Learn More
Oxidative stress is produced under diabetic conditions and possibly causes various forms of tissue damage in patients with diabetes. The aim of this study was to examine the involvement of oxidative stress in the progression of pancreatic beta-cell dysfunction in type 2 diabetes and to evaluate the potential usefulness of antioxidants in the treatment of(More)
It is known well that activation of the hexosamine pathway causes insulin resistance, but how this activation influences pancreatic beta-cell function remains unclear. In this study, we found that in isolated rat islets adenovirus-mediated overexpression of glutamine:fructose-6-phosphate amidotransferase (GFAT), the first and rate-limiting enzyme of the(More)
Pancreatic beta-cell dysfunction and insulin resistance are observed in type 2 diabetes. Under diabetic conditions, oxidative stress and ER stress are induced in various tissues, leading to activation of the JNK pathway. This JNK activation suppresses insulin biosynthesis and interferes with insulin action. Indeed, suppression of the JNK pathway in diabetic(More)
The glycolytic enzyme glucokinase plays a primary role in the glucose-responsive secretion of insulin, and defects of this enzyme can cause NIDDM. As a step toward understanding the molecular basis of glucokinase (GK) gene regulation, we assessed the structure and regulation of the human GK gene beta-cell-type promoter. The results of reporter gene analyses(More)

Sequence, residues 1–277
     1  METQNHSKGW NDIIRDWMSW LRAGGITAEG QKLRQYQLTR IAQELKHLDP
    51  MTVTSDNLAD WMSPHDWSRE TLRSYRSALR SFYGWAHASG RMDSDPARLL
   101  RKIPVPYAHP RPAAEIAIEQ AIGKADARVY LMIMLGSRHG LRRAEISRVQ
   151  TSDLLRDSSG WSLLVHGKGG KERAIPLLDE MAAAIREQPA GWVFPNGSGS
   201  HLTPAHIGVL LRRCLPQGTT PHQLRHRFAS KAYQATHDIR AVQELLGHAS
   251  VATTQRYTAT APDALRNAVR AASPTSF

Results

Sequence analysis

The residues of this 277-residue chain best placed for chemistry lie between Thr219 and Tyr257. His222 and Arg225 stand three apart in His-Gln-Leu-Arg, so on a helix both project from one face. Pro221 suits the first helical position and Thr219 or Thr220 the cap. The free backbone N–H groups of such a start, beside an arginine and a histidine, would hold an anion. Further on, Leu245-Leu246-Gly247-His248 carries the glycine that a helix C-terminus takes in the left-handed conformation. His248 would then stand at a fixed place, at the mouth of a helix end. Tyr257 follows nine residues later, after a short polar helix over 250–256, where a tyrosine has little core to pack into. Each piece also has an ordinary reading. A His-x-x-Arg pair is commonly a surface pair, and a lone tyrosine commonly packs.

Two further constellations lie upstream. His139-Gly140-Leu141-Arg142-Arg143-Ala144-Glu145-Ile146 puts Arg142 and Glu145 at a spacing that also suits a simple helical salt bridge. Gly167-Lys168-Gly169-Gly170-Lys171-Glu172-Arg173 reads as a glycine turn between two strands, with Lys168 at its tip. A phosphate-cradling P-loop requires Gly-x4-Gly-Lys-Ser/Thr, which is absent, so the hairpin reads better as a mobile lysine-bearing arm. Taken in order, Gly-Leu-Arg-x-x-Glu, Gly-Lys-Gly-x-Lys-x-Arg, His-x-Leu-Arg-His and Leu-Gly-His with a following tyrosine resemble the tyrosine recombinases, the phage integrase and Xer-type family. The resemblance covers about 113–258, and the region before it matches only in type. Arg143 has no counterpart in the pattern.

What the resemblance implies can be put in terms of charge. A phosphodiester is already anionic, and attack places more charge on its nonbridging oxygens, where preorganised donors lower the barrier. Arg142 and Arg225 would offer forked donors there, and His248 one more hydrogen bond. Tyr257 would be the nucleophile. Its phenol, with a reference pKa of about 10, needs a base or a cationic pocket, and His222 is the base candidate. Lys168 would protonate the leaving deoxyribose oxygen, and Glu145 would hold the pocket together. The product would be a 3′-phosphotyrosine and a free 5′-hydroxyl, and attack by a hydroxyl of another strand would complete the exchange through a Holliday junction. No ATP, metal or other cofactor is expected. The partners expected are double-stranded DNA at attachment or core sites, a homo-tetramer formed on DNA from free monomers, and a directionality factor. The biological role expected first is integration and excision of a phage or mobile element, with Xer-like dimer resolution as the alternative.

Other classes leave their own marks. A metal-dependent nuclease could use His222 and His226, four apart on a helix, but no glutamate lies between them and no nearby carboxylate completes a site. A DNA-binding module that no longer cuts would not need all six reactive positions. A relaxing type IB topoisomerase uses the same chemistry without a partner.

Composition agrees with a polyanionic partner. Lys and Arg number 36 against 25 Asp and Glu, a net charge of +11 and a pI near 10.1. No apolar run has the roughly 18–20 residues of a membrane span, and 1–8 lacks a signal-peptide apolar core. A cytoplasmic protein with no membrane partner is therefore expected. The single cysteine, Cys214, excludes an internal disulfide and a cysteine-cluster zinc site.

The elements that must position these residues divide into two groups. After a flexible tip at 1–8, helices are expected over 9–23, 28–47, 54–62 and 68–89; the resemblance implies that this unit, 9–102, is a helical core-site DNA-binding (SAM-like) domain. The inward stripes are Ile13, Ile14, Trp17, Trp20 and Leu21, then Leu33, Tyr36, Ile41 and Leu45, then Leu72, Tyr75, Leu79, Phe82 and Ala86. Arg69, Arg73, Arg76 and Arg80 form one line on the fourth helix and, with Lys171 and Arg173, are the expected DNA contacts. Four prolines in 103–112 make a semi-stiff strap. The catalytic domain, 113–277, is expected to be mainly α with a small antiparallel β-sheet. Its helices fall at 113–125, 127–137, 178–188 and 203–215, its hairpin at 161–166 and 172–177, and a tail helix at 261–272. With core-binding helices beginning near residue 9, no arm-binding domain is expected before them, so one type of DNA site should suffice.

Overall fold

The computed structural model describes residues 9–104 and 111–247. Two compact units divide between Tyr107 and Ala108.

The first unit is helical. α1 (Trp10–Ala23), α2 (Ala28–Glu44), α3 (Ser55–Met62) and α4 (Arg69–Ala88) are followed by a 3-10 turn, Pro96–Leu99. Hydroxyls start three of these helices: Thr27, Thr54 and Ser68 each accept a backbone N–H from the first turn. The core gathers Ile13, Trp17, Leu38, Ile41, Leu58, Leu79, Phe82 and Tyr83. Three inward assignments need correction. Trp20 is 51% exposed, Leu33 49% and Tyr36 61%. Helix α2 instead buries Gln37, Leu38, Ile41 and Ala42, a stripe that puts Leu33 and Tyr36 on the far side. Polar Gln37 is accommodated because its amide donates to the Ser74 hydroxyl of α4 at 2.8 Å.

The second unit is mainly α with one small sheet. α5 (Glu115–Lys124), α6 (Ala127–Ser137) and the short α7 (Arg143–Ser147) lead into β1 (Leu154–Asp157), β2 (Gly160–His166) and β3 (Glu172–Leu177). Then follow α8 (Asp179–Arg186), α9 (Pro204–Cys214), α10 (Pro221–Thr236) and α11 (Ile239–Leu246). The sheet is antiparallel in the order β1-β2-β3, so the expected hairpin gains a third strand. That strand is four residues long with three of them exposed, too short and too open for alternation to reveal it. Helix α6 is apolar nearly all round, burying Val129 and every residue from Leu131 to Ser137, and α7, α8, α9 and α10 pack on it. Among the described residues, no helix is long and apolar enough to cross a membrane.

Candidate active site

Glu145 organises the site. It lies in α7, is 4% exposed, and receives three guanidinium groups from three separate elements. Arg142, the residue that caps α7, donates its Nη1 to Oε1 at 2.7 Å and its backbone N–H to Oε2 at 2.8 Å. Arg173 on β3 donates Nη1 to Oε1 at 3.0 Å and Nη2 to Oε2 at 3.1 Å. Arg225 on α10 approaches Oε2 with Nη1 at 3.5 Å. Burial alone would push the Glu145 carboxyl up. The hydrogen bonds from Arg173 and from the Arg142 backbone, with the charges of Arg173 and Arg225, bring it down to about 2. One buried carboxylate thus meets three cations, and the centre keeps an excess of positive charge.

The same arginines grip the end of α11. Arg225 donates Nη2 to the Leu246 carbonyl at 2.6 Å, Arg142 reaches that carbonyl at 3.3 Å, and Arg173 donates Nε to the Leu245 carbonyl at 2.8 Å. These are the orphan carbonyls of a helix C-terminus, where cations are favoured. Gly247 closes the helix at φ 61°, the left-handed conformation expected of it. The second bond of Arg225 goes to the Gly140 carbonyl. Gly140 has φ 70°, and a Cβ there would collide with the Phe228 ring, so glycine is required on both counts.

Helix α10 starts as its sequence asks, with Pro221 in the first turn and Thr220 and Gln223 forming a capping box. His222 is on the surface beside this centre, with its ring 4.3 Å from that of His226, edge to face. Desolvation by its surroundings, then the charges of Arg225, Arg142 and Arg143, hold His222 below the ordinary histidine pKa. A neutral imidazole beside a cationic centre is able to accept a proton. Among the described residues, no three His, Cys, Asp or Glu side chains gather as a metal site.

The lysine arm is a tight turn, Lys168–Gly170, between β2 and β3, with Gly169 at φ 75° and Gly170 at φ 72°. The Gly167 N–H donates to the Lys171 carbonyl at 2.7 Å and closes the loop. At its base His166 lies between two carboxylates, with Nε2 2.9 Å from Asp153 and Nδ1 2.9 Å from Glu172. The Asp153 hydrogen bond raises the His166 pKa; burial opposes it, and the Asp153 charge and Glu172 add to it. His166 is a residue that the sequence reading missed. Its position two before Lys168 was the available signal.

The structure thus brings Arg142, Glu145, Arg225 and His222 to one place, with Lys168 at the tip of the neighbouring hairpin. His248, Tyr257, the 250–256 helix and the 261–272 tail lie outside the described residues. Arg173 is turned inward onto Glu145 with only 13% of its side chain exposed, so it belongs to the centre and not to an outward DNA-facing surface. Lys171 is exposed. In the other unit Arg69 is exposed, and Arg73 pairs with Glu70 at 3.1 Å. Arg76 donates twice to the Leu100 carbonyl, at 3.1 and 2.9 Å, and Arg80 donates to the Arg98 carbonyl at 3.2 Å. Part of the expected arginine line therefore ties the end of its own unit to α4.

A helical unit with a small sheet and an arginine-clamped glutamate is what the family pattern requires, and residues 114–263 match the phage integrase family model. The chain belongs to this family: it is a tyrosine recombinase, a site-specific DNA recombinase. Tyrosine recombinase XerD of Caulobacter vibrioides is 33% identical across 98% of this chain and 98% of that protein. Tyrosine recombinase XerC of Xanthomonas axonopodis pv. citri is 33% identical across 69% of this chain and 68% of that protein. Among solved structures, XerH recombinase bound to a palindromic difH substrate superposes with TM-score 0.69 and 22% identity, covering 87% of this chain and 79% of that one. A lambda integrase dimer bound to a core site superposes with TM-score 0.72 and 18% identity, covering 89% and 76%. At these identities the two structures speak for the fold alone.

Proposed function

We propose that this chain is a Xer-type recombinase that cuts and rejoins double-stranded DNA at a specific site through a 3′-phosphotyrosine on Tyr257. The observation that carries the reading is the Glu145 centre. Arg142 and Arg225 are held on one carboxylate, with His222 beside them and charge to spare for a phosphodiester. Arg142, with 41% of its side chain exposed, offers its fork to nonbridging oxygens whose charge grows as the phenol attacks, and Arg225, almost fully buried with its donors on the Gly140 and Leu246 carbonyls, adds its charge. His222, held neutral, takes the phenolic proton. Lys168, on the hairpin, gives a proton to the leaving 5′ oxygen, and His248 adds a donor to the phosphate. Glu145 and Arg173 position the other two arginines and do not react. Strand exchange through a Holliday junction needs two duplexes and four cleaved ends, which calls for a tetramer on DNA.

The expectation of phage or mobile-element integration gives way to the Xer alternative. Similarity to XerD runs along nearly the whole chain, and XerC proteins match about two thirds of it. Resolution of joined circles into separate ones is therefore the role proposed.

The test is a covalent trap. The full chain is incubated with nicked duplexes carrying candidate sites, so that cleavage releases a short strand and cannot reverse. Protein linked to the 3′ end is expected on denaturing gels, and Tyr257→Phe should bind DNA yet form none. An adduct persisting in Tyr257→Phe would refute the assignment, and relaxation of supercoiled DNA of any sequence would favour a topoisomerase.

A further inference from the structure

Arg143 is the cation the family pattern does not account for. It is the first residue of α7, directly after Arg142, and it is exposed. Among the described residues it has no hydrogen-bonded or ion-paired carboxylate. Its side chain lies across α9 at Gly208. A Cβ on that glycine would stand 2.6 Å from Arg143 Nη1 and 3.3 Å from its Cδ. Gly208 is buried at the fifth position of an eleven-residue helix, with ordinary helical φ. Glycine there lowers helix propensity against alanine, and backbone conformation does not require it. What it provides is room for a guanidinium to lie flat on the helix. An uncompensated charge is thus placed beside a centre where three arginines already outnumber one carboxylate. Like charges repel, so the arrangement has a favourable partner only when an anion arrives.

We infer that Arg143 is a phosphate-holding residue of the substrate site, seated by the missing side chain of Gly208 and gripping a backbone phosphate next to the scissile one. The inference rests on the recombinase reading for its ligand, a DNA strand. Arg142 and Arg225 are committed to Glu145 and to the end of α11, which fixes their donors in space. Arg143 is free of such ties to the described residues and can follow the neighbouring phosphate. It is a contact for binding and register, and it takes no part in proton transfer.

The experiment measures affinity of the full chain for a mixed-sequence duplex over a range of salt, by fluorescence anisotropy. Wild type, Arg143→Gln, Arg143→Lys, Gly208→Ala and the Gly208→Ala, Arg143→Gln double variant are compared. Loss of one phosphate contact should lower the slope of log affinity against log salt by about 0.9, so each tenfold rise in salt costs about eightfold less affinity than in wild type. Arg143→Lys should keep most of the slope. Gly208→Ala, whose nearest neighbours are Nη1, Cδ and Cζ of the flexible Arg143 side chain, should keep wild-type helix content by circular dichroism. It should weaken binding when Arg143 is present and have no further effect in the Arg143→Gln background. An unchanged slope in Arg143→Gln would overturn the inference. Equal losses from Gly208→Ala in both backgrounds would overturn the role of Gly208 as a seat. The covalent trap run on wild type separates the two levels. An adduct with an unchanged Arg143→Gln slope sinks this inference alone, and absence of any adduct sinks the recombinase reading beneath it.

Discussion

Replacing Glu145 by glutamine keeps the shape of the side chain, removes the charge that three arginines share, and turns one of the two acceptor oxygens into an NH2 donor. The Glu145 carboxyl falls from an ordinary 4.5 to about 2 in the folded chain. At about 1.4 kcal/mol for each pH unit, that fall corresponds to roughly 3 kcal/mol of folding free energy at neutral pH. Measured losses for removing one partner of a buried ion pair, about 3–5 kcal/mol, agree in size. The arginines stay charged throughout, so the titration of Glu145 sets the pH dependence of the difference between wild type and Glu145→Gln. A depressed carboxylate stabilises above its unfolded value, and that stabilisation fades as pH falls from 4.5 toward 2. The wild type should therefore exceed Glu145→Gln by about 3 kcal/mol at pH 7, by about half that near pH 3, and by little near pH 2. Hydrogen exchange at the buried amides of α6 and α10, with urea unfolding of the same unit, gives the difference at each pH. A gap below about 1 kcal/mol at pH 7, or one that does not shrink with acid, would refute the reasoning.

Prolonged poor glycemic control in non-insulin-dependent diabetes mellitus patients often leads to a decline in insulin secretion from pancreatic beta cells, accompanied by a decrease in the insulin content of the cells. As a step toward elucidating the pathophysiological background of the so-called glucose toxicity to pancreatic beta cells, we induced(More)
It has been shown that oxidative stress and activation of the c-Jun N-terminal kinase (JNK) pathway induce the nucleocytoplasmic translocation of the pancreatic transcription factor PDX-1, which leads to pancreatic beta-cell dysfunction. In this study, we have shown that the forkhead transcription factor Foxo1/FKHR plays a role as a mediator between the JNK(More)
AIMS/HYPOTHESIS Chronic hyperglycaemia in patients with Type II (non-insulin-dependent) diabetes mellitus often leads to a decline in glucose-responsive insulin secretion from pancreatic beta cells, a phenomenon called glucose toxicity. Upon hyperglycaemia, glycation reaction occurs in the beta cells and induces oxidative stress. To understand the molecular(More)
Inadequate beta-cell function is an essential component of all forms of diabetes. The most obvious problem is a failure to maintain sufficient beta-cell mass and function to cope with whatever insulin resistance is present. The most striking functional defect is a loss of acute glucose-induced insulin secretion (GIIS). This review discusses the ways in(More)
Nitric oxide (NO) is believed to be an effector molecule that mediates interleukin (IL)-1 beta-induced destruction and dysfunction of pancreatic beta-cells. We have demonstrated that both exogenous NO and NO generated endogenously by IL-1 beta brought about apoptosis of isolated rat pancreatic islet cells as well as pancreatic beta-cell tumor-derived cell(More)
Stimulation of insulin secretion by the incretin hormones glucagon-like peptide 1 (GLP-1) and glucose-dependent insulinotropic peptide (GIP) has been found to be diminished in type 2 diabetes. We hypothesized that this impairment is due to a defect at the receptor level induced by the diabetic state, particularly hyperglycemia. Gene expression of incretin(More)